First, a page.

USC Poised to Displace Black-Owned Bike Repair Business…For the Second Time
Aaron Flournoy stands on the hot asphalt in front of Lil Bill’s Bike Repair shed, examining a student’s bike.
As we watch him give it a test ride to see what might be wrong, she turns to me. “He keeps us rolling,” she says.
That seems to be true. In the couple of hours I stood with Flournoy on the USC campus last week, where his shed stands on McClintock, near the entrance at Jefferson, a number of students stopped by to get air or a quick fix. Others just waved hello. Someone handed him a burrito over the fence for lunch.
He was clearly part of the fabric of the community.
But even with all the love and support, he said, he was really stressed out. The university had told him he and his shed needed to move off campus by the end of the month and he wasn’t sure where he was going to go.
Last summer, Flournoy had taken over the shed from the previous owner who had operated the business out of the parking lot of a church on the campus. The business filled the gap left by the demolition of University Village and the loss of a student- and community-serving bike shop that was once conveniently located there.
A true people-person, Flournoy quickly became an integral part of the campus fabric – attending graduations, supporting athletic teams, serving as a guinea pig for dental students to practice on – all while continuing to fix students’ flat tires.
It had been possible for him to set up on the church property because, while technically within what is considered the USC campus, the property itself had been privately owned. That changed in late 2015, when USC – after years of negotiations – finally acquired the property for itself. In late 2016, when USC finally got around to beginning work on the property, Flournoy was told to pack up his shed. He needed to be gone by late December, he was told, or he’d have to watch his shed be bulldozed.
At the eleventh hour, USC’s Department of Transportation told him he could move to a spot on McClintock. Relieved, he entered into a verbal agreement with USC, began sending in $177 in rent, and set up his shop across from the Athletic Center this past January.
All was going well until about a month ago, when USC officials stopped by to tell him he’d have to leave campus for good this time at the end of April. USC has a non-compete clause with Solé, the higher-end bike shop set to go in to the $600+ million residential and retail complex about to open at Jefferson and Hoover. The fact that Flournoy’s shed operation could potentially take a few repair-seeking customers from Solé (Flournoy isn’t selling bikes) was apparently cause enough to get him booted from campus.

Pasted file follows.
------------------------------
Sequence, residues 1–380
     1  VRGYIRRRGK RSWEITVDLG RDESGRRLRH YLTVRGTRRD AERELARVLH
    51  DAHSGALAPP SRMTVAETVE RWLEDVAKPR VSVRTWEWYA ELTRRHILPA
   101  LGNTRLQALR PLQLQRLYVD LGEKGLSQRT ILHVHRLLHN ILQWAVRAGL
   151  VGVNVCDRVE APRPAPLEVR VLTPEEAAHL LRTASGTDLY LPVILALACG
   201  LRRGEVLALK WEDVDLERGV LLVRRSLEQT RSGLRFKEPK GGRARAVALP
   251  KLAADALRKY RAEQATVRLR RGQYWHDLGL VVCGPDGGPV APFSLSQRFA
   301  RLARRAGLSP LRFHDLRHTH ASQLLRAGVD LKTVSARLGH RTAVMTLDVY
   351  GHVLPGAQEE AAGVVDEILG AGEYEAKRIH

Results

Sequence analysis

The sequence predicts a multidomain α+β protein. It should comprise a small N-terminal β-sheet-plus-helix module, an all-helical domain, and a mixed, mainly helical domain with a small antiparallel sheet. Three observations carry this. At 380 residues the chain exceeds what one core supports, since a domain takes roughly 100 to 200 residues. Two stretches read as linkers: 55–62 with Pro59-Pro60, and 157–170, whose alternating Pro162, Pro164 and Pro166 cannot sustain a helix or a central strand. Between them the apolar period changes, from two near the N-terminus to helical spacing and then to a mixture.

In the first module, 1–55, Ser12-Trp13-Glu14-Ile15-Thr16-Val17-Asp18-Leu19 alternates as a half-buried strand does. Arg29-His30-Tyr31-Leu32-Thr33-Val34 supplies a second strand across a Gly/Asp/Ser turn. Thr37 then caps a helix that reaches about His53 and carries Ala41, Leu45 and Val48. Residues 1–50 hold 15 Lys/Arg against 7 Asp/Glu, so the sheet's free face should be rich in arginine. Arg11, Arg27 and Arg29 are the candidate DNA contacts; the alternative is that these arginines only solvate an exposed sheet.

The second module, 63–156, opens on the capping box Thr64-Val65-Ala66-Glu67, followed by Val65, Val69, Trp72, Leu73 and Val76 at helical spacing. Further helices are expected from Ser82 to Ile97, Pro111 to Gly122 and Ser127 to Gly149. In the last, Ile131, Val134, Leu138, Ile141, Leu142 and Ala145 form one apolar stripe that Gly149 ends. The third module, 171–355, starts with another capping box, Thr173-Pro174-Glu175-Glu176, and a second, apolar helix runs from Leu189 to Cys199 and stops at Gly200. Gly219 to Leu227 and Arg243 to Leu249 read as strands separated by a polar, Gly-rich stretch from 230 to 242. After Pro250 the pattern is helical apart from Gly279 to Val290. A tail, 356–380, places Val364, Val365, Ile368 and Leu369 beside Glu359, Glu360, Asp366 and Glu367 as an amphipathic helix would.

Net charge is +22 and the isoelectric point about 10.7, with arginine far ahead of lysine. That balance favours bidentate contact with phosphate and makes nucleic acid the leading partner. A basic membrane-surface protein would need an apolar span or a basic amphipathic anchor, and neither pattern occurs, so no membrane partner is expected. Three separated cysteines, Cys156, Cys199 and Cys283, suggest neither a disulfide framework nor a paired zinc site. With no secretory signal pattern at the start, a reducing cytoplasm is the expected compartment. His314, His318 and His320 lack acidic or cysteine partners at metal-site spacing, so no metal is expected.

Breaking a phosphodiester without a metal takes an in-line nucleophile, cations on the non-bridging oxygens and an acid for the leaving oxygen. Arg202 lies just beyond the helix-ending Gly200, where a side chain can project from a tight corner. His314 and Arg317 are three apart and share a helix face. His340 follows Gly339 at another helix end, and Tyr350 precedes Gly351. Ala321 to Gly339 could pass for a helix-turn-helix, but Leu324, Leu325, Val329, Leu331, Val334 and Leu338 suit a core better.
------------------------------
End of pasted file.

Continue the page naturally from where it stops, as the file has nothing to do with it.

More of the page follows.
At least, that’s where things stood until just a few days ago, when USC once again approached Flournoy and suggested moving him to an out-of-the-way lot on campus where maintenance workers park their electric carts.
When Flournoy called me to tell me of these latest developments last Thursday, he was clearly upset.
It was a step in the right direction to hear that the non-compete clause might have some give in it. But he couldn’t believe USC was looking to stick him in an area where students never ventured. He would basically be up against one of the perimeter gates that has no opening, making it hard to access the shop from Vermont, and in an enclosed parking area, rendering him invisible to anyone on campus.
It didn’t make sense to him.
Either there was some flexibility in the non-compete clause or there wasn’t.
Either it was OK for him to be on campus or it wasn’t.
What he didn’t want was for USC to be making a show of keeping him on campus as a way to save face, all the while knowing that relegating him to an enclosed parking area would spell his doom.
He had already turned down an offer from Solé to work as a $12-an-hour mechanic in their new shop a few weeks prior, he said, because he was happy having his own business. After serving the community for several decades at his father’s shop, he wanted to finally be in business for himself. And as one of two black-owned bike repair outfits in all of South Central, it was important to him to be able to keep serving the community and to be his own boss.